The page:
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For the next few years, Ursula's family were faced with several scenarios as detectives followed several leads including the belief she had met with foul play. In 2015, after the National Missing Persons Coordination Centre profiled Ursula during National Missing Persons Week, someone called Crime Stoppers to say Ursula was working at the Coach and Horses Hotel in Randwick in July 1989. This later turned out to be mistaken identity.

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Ursula in 1986. Image: Supplied.

In 2016 detectives finally uncovered the truth. Several weeks after she went missing, Ursula had been killed when a vehicle she was travelling in was involved in a head-on collision with a truck on the Hume Highway near Keajura. Due to Ursula adopting a new name when she moved to Sydney, the fatality was recorded under the name Jessica Pearce.

Ursula's body remained unclaimed in a morgue in Glebe for 15 months before she was buried in a local cemetery in an unmarked grave.

In late December 2018, the NSW Deputy State Coroner Derek Lee confirmed that Jessica Pearce was, in fact, Ursula Barwick.

This finding came four days before Ursula’s family had their 32nd Christmas without her.

"It is most distressing to know that Ursula's family have, undoubtedly, for so many years, been left with an absence that cannot be filled, and a sense of uncertainty that could not be eased," Lee said at the conclusion of the inquest.

"It is even more painful to know that for Cheree, that devastating sense of uncertainty about what happened to her daughter was never able to be lessened."

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Melissa Pouliot and Ursula Barwick in 1986. Image: Supplied.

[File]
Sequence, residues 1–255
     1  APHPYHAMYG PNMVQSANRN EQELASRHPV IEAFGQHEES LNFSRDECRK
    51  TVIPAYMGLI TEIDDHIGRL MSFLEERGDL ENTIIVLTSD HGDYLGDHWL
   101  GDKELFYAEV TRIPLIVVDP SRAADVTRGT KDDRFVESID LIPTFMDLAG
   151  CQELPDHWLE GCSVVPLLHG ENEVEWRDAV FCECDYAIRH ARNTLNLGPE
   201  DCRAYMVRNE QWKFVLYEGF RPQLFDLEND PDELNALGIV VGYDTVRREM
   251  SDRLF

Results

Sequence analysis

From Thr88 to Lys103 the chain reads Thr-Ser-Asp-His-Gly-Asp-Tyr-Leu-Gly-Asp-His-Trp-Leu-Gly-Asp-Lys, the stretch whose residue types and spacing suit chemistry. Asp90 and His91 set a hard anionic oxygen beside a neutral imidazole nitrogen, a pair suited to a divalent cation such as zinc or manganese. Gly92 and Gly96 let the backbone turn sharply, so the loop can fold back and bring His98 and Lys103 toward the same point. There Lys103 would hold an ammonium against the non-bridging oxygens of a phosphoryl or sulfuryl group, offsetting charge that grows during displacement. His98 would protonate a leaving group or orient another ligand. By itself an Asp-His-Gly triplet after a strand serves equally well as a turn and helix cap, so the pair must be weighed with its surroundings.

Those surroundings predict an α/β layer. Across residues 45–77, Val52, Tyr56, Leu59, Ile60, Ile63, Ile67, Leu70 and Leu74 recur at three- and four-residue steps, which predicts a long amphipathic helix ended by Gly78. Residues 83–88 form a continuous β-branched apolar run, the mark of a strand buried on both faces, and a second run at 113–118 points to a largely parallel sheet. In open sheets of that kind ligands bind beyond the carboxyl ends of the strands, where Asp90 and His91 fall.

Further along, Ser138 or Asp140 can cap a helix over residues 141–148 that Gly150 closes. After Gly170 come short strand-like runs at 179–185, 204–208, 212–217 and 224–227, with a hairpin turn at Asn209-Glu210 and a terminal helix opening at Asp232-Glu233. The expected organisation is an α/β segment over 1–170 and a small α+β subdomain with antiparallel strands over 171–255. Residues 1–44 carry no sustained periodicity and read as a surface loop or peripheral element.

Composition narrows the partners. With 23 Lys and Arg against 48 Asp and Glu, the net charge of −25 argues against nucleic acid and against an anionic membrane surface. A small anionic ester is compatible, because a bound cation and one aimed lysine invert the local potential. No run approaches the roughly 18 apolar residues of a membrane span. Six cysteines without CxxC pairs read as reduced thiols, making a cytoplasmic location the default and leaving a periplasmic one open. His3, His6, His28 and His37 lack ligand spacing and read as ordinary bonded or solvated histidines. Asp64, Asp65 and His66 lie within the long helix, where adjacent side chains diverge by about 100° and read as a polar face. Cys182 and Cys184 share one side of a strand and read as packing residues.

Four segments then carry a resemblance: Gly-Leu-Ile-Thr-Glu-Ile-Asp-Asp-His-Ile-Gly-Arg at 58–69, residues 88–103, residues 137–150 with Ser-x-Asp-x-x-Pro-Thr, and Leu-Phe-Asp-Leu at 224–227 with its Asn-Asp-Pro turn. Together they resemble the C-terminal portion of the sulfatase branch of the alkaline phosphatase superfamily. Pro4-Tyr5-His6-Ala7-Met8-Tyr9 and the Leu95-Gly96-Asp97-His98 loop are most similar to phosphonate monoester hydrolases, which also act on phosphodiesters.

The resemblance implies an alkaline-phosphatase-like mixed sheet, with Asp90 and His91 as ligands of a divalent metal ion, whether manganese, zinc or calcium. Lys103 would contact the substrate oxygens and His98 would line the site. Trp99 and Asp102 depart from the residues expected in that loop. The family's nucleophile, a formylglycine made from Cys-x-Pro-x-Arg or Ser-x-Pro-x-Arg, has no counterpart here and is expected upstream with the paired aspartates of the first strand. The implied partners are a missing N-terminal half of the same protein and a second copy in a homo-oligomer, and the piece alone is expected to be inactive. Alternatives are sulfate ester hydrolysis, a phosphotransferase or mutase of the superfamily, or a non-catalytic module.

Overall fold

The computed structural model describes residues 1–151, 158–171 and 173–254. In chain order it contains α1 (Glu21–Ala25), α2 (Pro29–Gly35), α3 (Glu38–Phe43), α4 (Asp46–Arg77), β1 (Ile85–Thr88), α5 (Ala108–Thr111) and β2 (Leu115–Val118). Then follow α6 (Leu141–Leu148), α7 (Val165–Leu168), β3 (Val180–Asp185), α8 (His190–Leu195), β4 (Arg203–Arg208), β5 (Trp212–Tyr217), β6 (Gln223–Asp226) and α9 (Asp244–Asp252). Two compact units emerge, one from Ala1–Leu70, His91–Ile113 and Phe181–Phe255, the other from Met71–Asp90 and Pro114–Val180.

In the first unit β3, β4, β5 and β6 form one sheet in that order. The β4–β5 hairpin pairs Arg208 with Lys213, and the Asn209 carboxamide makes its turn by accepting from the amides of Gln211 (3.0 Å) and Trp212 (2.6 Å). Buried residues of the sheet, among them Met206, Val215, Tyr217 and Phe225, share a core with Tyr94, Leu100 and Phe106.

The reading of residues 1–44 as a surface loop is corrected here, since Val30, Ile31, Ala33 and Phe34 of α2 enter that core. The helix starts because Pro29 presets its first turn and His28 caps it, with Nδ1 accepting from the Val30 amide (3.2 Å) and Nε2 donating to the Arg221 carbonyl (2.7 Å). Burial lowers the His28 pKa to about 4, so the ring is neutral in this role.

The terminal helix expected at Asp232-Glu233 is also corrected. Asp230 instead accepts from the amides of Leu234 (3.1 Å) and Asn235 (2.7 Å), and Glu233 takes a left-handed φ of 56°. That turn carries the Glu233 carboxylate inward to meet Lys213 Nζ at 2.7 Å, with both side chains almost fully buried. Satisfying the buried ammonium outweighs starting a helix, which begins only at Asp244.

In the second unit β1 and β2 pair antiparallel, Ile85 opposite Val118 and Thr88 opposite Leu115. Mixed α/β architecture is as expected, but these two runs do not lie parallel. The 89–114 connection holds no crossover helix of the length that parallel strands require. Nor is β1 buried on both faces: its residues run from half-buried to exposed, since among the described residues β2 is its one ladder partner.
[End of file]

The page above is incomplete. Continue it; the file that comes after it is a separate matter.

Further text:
Melissa, speaking on the eve of Ursula’s story going to air on Australian Story, said she was grateful for the opportunity to share precious memories of Ursula.

“Sharing Ursula’s story gives other families hope and is a meaningful contribution to the very important conversations we need to have about missing people – the impact is far more devastating than many realise," she said.

“There are currently around 2600 long-term missing people in Australia, and more recognition and support is needed for those left to wonder and agonise if they’re ever going to see their missing person again. Ambiguous loss is like no other form of grief and it needs specialised support services that currently don’t exist.

“Changes also need to happen in our coronial and police system at the highest levels of bureaucracy which seem so out of touch with what it’s like to live through this experience.

“Sharing Ursula’s story is a way of keeping these conversations vibrant and alive, while at the same time honouring the precious seventeen years where she filled us with the richness and joy of her adventurous, brave and vivacious enthusiasm for life.”

Australian Story aired at 8pm on Monday night on the ABC. The episode will also be available on ABC iview.

Australia's national register of missing persons is at missingpersons.gov.au. If you have information about a missing person, contact police or Crime Stoppers on 1800 333 000.